We had a very short walk on the way home and Poppy is now snoozing at my feet while I drink a much needed coffee. I think an afternoon nap may also be on the agenda - recommendation was for Poppy to take it easy today and normal exercise from tomorrow, so she may stay at home or in the car when I take Sophy and Freddy out later.

There is one thing I have noticed recently - she now tends to take treats on the left side of her mouth rather than the centre. She is not showing any signs of discomfort when I clean her teeth, so I don't think that is the cause.
 

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Such a confusion of feelings: relief for a swift and apparently full recovery, but lingering uncertainty and disquiet for lack of answers. At least Poppy is comfortable and happy, blissfully content with chicken treats and a lap to warm herself on.
 

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Discussion Starter · #13 ·
Interesting, Heartland. Poppy gets a B vitamin supplement but there may, of course, be absorption issues. She has been bright and cheerful and even bouncy all day - hard to remember how very ill she seemed only hours ago.
 

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it might have been a TIA, Flower had one were she was just going in circles then stopped, turned out her blood pressure was through the roof
 

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I debated giving her breakfast but she was enthusiastic about the treat wrapped pill so I got the bowls out. Instant transformation - prancing on hind legs, tail wagging, apparently back to normal
I'm so glad she's feeling better.
I'm not quite sure how to interpret this (above), did she eat a significant amount of food and then get better? Possibly low blood sugar?
 

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Discussion Starter · #20 · (Edited)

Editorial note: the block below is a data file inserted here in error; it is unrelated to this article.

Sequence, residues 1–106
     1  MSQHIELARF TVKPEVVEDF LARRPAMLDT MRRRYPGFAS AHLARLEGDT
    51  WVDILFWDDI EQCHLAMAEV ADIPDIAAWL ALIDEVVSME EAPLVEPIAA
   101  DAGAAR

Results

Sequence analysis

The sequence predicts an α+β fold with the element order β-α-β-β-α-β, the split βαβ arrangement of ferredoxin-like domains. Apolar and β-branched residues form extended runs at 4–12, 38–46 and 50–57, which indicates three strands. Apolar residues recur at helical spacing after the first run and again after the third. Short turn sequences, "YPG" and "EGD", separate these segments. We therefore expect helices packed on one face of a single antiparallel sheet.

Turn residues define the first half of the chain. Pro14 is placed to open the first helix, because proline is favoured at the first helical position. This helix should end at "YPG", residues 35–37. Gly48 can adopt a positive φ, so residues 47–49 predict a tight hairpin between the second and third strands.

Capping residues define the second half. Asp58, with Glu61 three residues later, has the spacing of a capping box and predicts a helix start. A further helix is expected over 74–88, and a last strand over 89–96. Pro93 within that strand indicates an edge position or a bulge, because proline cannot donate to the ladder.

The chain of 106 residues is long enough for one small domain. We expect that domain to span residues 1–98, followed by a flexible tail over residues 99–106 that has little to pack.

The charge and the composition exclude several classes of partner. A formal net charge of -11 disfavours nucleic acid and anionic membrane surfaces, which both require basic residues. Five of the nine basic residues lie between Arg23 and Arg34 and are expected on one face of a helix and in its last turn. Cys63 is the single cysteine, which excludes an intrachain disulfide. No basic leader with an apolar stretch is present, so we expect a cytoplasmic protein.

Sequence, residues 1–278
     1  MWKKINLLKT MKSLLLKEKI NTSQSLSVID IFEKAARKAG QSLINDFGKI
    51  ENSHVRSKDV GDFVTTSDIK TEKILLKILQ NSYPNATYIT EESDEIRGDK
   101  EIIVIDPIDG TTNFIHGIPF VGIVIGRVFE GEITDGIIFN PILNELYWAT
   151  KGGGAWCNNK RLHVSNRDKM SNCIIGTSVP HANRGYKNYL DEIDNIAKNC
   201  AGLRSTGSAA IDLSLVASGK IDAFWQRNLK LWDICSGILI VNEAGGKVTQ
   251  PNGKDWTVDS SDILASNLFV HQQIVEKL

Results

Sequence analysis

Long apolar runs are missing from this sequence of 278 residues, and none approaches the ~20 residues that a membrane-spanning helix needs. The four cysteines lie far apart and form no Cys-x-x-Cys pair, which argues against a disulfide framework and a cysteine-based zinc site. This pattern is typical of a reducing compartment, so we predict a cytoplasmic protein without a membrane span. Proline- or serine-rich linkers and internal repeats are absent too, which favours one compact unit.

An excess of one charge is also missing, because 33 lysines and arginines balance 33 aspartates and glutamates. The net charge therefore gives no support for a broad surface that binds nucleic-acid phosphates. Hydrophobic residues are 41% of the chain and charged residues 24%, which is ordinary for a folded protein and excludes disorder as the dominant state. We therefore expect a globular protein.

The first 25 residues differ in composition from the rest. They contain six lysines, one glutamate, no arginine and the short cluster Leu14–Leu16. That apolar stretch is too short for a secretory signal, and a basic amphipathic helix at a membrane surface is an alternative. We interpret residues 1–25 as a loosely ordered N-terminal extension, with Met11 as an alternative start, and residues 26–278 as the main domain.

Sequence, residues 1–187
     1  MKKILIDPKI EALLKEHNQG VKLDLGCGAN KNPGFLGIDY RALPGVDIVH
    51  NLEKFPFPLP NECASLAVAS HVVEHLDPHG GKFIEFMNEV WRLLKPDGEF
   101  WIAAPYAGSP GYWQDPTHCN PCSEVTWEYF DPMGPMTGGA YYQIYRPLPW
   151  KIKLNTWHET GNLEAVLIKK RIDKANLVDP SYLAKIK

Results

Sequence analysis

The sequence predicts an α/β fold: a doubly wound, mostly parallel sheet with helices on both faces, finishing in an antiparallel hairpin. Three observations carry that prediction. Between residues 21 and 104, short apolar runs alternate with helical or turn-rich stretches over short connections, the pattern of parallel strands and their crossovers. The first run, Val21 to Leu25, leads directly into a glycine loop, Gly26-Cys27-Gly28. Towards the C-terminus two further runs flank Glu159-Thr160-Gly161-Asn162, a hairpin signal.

I don't think it was low blood sugar: the recovery was fairly steady through the night and the bounce back came at the thought of breakfast, not after eating it. It seems it is possible for a bout of vestibular disease to last just a few hours and clear with a night's sleep although nystagmus - the eye flicking that is a common symptom - usually lasts longer. And a TIA is, by definition, transitory. I suppose it could even have been a muscle spasm in her back, but it did not look anything like the ones Sophy has suffered from in the past.

Pop's vet warned me that sometimes dogs have a series of these minor episodes before a major one, so I am prepared for more. I thought we were in for another bout when she woke me up panting in my ear in the early hours and I went straight into coping mode - nursing her upright, checked her eyes for nystagmus, cuddled her down against me. It took me a while to twig that what she actually wanted was to go out for a poo! Once that was sorted she slept till well after 6 and woke up hungry for breakfast.

Meanwhile I have yet again been down the Hepatic Encephalitis research rabbit hole and the general principles seem to be to adjust protein levels to the maximum that does not trigger symptoms; to avoid constipation and ensure several large, soft poos a day; and to control the level of “bad” bacteria in the gut with pro- and anti-biotics and the regular poos. So very much what I have been doing, although I have not had to be too fussy about protein levels till recently. There is a debate around animal or vegetable protein, especially for dogs, but red meat is a no-no and chicken, white fish, eggs and cottage cheese are all recommended, especially cottage cheese. I plan on measuring out the minimum levels Poppy needs in addition to her canned food in teaspoonfuls rather than grams and to stick to just above that for a couple of weeks, then increase slowly in steps.